In the letter, he couldn’t have been more clear about why he felt the case should be reopened:
‘I have put forward my recommendation that we need a further senior Court ruling on whether Christine Lagarde abused her position in an attempt to help Bernard Tapie’.
Sarko brushed this aside as a matter of no import; but then DSK was arrested. On 24th May, it was decided to rule one way or the other about the Lagarde involvement with Tapie’s money on June 10th – today. Yet again, the date was noted with relatively small media coverage.
But on 25th May, as Lagarde announced her IMF candidature, the full Tapie-Lagarde dossier prepared by Jean-Louis Nadal was leaked to prominent French online news source Mediapart. This time, the dynamite went off with a rather bigger bang:
‘A senior Paris public prosecutor has found evidence suggesting French finance minister Christine Lagarde, candidate to replace Dominique Strauss-Kahn as head of the International Monetary Fund, acted in a manner of “obstructing the law” in the controversial arbitration procedure that awarded French tycoon Bernard Tapie 403 million euros of public funds in 2008. Mediapart has obtained exclusive access to a report sent by the prosecutor, Jean-Louis Nadal, to the Court of Justice, which investigates cases of suspected misdeeds by serving ministers, in which he says Lagarde “constantly” used her ministerial position to reach a “favourable” outcome for Tapie.’
This is big bananas: half a billion euros of public money given to a private friend of the President thanks to constant interference by the President’s closest Government ally Christine Lagarde. This makes her assertion of a case “instrumented by the Opposition” look disingenuous in the extreme: the case is being driven by one of the country’s top lawyers….an expert on the separation of judicial and political power.
Some of the attempts by the Government to kick this can down the road yesterday were actually quite funny. At one point, a Justice Ministry source told the French media that “they [the judges] will probably seek extra time before deciding”. Pressure was then applied to ask how do you know this and why are they dithering. “It’s a complex case” he said. Mme Lagarde says it’s a simple case said the press boys. The unfortunate civil servant then said:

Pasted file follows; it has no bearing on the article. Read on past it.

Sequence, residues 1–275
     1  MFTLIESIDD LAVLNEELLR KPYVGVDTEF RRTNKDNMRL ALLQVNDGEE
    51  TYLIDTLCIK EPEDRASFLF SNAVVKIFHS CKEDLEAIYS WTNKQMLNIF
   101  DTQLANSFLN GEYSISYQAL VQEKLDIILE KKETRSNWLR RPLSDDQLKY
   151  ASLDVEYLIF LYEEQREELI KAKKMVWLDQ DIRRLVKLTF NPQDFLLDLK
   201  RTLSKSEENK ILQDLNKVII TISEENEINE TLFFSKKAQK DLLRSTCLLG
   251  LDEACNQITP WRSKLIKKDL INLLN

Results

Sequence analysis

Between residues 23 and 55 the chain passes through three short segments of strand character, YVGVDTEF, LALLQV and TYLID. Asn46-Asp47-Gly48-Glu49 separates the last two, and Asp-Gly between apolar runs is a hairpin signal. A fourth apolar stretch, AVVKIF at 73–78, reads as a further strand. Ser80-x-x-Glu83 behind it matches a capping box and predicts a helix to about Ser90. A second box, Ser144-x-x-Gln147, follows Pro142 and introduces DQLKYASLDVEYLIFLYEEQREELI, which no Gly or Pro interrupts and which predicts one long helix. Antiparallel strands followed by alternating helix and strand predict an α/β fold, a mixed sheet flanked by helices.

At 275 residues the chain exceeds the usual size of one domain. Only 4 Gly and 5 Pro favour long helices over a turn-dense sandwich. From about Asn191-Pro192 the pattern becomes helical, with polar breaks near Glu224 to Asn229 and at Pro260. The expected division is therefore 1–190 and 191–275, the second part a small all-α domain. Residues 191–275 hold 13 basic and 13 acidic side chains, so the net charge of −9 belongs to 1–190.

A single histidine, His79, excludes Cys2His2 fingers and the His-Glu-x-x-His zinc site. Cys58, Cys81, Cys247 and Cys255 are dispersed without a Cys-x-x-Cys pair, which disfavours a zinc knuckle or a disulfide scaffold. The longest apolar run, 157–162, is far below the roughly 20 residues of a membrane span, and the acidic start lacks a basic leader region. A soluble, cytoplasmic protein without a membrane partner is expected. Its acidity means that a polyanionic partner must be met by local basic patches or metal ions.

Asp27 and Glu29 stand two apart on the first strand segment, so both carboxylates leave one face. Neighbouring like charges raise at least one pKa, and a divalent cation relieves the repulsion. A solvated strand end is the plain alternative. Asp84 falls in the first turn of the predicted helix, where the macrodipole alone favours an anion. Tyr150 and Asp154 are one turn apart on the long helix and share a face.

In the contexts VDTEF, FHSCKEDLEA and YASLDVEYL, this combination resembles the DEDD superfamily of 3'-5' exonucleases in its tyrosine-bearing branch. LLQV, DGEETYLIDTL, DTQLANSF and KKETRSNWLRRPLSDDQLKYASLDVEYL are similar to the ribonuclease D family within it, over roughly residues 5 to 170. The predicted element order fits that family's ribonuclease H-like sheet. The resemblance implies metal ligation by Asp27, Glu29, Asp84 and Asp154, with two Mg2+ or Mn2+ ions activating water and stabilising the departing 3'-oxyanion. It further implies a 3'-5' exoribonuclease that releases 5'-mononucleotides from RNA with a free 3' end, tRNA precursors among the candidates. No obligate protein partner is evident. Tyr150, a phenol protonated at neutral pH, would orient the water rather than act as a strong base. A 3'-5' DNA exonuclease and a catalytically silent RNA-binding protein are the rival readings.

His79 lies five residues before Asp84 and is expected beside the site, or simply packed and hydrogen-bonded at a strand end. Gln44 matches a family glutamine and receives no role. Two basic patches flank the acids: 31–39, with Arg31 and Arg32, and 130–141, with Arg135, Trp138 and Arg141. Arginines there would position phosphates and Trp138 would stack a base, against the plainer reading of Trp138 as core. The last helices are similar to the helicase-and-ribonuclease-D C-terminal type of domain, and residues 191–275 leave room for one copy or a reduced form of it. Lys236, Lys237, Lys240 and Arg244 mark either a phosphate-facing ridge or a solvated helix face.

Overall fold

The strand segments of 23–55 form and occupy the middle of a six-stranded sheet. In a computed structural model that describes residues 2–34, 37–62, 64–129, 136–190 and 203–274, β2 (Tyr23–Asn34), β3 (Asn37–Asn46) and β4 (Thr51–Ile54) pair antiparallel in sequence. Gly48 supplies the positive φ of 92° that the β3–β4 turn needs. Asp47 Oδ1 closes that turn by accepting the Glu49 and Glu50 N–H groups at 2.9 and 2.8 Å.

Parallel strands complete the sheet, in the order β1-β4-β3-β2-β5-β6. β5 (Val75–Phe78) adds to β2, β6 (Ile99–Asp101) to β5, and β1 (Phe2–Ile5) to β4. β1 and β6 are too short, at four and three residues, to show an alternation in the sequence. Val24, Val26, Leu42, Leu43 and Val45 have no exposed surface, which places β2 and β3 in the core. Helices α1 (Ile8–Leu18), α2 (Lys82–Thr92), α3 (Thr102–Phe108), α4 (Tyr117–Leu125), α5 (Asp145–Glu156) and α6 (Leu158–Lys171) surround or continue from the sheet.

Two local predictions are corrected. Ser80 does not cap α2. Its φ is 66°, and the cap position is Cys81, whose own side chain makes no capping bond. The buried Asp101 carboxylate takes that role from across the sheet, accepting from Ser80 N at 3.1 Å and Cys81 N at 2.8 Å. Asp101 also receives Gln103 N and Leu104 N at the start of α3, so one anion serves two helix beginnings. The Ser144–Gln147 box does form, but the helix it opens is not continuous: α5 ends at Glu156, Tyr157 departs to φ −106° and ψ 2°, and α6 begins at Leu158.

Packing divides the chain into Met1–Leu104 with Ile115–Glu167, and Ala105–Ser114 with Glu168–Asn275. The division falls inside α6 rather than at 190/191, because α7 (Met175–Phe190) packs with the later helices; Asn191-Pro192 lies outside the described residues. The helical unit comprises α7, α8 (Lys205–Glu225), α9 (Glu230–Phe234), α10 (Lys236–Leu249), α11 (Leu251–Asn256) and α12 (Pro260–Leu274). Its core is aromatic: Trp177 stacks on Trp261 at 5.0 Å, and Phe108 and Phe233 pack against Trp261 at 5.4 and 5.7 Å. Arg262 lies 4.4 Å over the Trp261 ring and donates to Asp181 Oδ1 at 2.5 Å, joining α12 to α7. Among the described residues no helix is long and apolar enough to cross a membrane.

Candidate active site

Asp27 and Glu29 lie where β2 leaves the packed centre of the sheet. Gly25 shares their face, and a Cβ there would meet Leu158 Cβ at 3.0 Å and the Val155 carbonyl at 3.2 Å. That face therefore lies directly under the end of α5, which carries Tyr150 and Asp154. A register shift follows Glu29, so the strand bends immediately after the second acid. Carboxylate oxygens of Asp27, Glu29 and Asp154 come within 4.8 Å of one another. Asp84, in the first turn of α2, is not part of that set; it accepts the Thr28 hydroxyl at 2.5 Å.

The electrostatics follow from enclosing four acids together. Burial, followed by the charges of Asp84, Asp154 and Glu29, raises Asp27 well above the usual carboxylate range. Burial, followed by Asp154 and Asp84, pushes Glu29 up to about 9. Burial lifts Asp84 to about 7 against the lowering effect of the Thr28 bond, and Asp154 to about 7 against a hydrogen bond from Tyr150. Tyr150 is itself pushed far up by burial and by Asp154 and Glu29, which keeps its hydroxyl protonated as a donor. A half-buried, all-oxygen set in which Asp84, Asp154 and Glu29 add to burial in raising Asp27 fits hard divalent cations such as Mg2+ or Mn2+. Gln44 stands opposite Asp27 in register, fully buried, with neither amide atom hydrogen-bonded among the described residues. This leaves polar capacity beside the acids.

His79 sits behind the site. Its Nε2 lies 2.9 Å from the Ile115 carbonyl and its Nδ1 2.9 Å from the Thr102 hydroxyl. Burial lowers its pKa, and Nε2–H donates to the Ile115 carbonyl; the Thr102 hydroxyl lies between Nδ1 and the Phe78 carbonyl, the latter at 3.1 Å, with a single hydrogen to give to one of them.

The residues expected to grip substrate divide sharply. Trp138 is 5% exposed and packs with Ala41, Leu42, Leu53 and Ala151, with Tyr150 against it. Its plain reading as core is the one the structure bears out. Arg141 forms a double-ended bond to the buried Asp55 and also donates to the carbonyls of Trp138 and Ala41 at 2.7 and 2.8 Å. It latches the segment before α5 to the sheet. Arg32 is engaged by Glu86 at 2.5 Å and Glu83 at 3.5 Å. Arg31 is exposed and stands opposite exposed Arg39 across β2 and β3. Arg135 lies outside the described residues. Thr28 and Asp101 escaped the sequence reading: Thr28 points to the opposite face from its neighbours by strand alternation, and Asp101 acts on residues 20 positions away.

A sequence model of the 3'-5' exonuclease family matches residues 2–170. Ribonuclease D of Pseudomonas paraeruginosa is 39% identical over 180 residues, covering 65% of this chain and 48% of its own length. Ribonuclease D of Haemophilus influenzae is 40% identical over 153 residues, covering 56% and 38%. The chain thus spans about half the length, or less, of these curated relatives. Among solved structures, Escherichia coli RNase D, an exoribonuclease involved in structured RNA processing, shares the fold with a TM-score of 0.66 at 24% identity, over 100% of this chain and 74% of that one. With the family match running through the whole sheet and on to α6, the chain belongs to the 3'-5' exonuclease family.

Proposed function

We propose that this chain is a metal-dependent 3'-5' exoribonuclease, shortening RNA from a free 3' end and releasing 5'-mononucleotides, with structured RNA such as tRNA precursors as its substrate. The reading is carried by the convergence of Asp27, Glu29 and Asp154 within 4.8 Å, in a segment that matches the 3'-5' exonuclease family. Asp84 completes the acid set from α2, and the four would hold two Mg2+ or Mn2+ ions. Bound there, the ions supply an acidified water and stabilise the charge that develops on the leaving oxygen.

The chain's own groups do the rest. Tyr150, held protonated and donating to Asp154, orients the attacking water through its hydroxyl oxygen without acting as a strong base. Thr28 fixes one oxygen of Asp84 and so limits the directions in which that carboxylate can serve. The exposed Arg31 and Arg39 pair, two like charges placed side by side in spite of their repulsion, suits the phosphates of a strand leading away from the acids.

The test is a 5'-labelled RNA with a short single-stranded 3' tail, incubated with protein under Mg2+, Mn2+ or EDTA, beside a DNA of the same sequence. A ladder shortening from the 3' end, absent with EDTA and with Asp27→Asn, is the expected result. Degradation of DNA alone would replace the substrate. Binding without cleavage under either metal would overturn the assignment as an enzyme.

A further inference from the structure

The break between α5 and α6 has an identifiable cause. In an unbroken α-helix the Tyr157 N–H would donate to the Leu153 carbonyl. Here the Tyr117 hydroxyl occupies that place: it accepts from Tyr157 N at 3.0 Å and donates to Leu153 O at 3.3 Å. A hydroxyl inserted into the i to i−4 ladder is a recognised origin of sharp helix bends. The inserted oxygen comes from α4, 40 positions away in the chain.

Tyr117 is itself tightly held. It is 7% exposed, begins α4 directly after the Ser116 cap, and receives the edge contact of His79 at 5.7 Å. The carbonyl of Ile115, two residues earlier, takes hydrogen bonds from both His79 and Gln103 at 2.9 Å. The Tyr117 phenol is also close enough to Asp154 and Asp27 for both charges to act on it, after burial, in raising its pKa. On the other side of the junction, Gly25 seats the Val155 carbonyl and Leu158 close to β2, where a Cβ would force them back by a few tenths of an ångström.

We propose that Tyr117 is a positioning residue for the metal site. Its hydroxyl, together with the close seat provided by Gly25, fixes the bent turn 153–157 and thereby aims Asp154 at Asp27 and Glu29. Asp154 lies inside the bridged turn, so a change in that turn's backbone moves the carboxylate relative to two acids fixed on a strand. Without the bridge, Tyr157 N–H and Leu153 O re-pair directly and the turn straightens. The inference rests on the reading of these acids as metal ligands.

“Perhaps they will decide tomorrow or they may put it off for a little time. That could also be a long time. There is no clear object here as to when they will decide on the referral”.
If I can just put into words what the spokesman said, it seems to me that whether the judges rule immediately or later, this is bad news for Christine Lagarde. The maximum embarrassment would be caused by waiting until after her Coronation – and then deciding that yet another head of the IMF is not entirely morally sound. However, Nadal is due to retire, and there are rather too many people in both France and the US who want to ensure nothing gets in her way.
[Following on from the recent Slog piece about Lagarde now being seen as ‘our gal’ in the States, Reuters noted yesterday that ‘more than two decades of practicing law in Chicago enhance her transatlantic appeal’. Uh-huh: that and not being DSK.]
For the full history of the DSK saga, go to The Strauss-Kahn Waltz page